By Rosie Kean

This university’s Office of Diversity and Inclusion introduced the campus-wide mental health magazine You Are Not Alone Nov. 1 in Juan Ramon Jiménez Room in Stamp.

Junior computer science major Muftiat Ogunsanya created the magazine last semester as her capstone project for the Design, Cultures & Creativity Honors program.

“As I started to get submissions and actually put together the magazine, I thought that this would be a very useful resource on campus,” Ogunsanya said.

The magazine is a compilation of 30 poems, artwork, short stories and essays all about mental health. Some of the titles include “An Open Letter To Someone Who Has Lost a Friend,” “Digital Anxiety” and “It’s Always Okay to Cry.” Some of them are anonymous; others have their authors’ names.

Ogunsanya used social media and several college department listservs to request submissions from students.

Ogunsanya brought her project to ODI, which funded the magazine to be a campus-wide publication. The magazine’s launch was part of Rise Above Week.

Joseph Williams, project assistant for ODI, said it was included in Rise Above week to raise awareness about mental illness while combating the stigma surrounding it.

“There’s a piece in the magazine that talks about people suffering in silence and feeling like they’re alone when dealing with issues of mental illness and mental health,” he said. “Making this a part of Rise Above week is way to draw attention to that.”

Ogunsanya said she was inspired to create the magazine after reading a Huffington Post article that was an open letter to anyone with a mental illness. The last line in the article contained the words “you are not alone,” the magazine’s title.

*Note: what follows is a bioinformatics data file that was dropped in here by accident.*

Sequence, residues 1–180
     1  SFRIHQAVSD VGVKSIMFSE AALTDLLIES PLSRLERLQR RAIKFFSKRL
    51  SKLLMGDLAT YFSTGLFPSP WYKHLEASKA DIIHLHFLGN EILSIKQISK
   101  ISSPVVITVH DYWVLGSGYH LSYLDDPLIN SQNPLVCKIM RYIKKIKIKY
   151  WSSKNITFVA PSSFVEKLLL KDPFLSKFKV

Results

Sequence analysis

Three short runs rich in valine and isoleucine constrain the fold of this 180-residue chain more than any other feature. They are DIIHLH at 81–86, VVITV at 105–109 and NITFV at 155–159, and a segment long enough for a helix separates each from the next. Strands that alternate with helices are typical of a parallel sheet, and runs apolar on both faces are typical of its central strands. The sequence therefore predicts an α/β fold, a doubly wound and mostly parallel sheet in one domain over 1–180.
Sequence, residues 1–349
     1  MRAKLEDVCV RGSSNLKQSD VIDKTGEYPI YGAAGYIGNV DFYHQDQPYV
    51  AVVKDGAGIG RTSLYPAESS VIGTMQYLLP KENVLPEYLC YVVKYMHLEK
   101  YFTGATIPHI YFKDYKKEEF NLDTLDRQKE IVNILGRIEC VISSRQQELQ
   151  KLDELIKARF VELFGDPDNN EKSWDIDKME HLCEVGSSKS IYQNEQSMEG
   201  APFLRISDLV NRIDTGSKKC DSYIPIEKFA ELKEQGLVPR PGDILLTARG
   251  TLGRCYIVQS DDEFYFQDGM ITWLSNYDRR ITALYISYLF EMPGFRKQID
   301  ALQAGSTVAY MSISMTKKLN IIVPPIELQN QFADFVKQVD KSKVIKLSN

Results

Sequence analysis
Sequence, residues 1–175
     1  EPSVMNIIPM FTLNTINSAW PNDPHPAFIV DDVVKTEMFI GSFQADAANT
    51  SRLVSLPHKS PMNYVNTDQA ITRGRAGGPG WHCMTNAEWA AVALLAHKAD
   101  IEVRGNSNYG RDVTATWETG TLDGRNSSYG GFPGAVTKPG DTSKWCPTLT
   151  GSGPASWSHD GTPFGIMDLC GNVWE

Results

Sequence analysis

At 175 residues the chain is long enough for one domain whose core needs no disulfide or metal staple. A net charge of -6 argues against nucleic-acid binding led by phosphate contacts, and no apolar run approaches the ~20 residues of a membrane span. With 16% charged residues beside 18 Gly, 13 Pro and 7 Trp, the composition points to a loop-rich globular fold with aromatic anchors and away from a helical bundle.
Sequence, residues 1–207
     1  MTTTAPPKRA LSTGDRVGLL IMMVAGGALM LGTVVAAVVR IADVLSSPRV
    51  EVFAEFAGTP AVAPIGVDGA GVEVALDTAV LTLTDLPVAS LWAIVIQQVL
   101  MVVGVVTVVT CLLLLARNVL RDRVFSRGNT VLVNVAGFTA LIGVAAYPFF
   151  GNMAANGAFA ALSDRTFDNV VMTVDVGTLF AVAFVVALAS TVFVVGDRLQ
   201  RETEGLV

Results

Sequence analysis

Freshman engineering major Lucie Ugarte said a magazine is an effective way to convey mental health experiences.

“It’s cathartic to write about, and when someone reads it, they can find things they can identify with,” Ugarte said.

Ogunsanya’s goal for the magazine was to create a space for students to freely express their experiences with mental illness. She also wanted to make something students could read and relate to.

“For someone reading it, it can help them just realizing that other people feel the same way,” Ogunsanya said.

Mental health has always been one of Ogunsanya’s passions, but it has become increasingly important to her since she created the magazine.

Working on the magazine helped her get through a stressful sophomore year. Ogunsanya said that she prioritized her grades over everything else.

“My health, my happiness, all seemed secondary to my success,” she said. “Doing this project helped me understand the importance of mental health, and I hope someone else can have a similar experience as they read through all these people’s wonderful words.”

Stephanie Cork, a graduate student studying kinesiology and Ogunsanya’s capstone mentor,  said the magazine is a beautiful artistic outlet.

“It creates a space for students to share their voices,” Cork said. “People can comment on their experiences and that’s the most important thing.”

Ogunsanya said there are enough resources on campus to deal with issues of mental health, but she believes You Are Not Alone can help spark more conversation about mental illnesses.

“It’s so easy for students to ignore the signs that they need help or maybe they have a friend that needs help,” she said.

Ogunsanya said she wants to start collecting more submissions soon for a Spring 2017 edition of the magazine. She also wants create a student organization so that the initiative can continue after she graduates.

Extra copies of the magazine will be offered at the counseling center and the Office of Diversity & Inclusion in Marie Mount Hall. An online version of the magazine can be found here.

Featured Photo Credit:  Courtesy of Sean Winters’ Flickr account.


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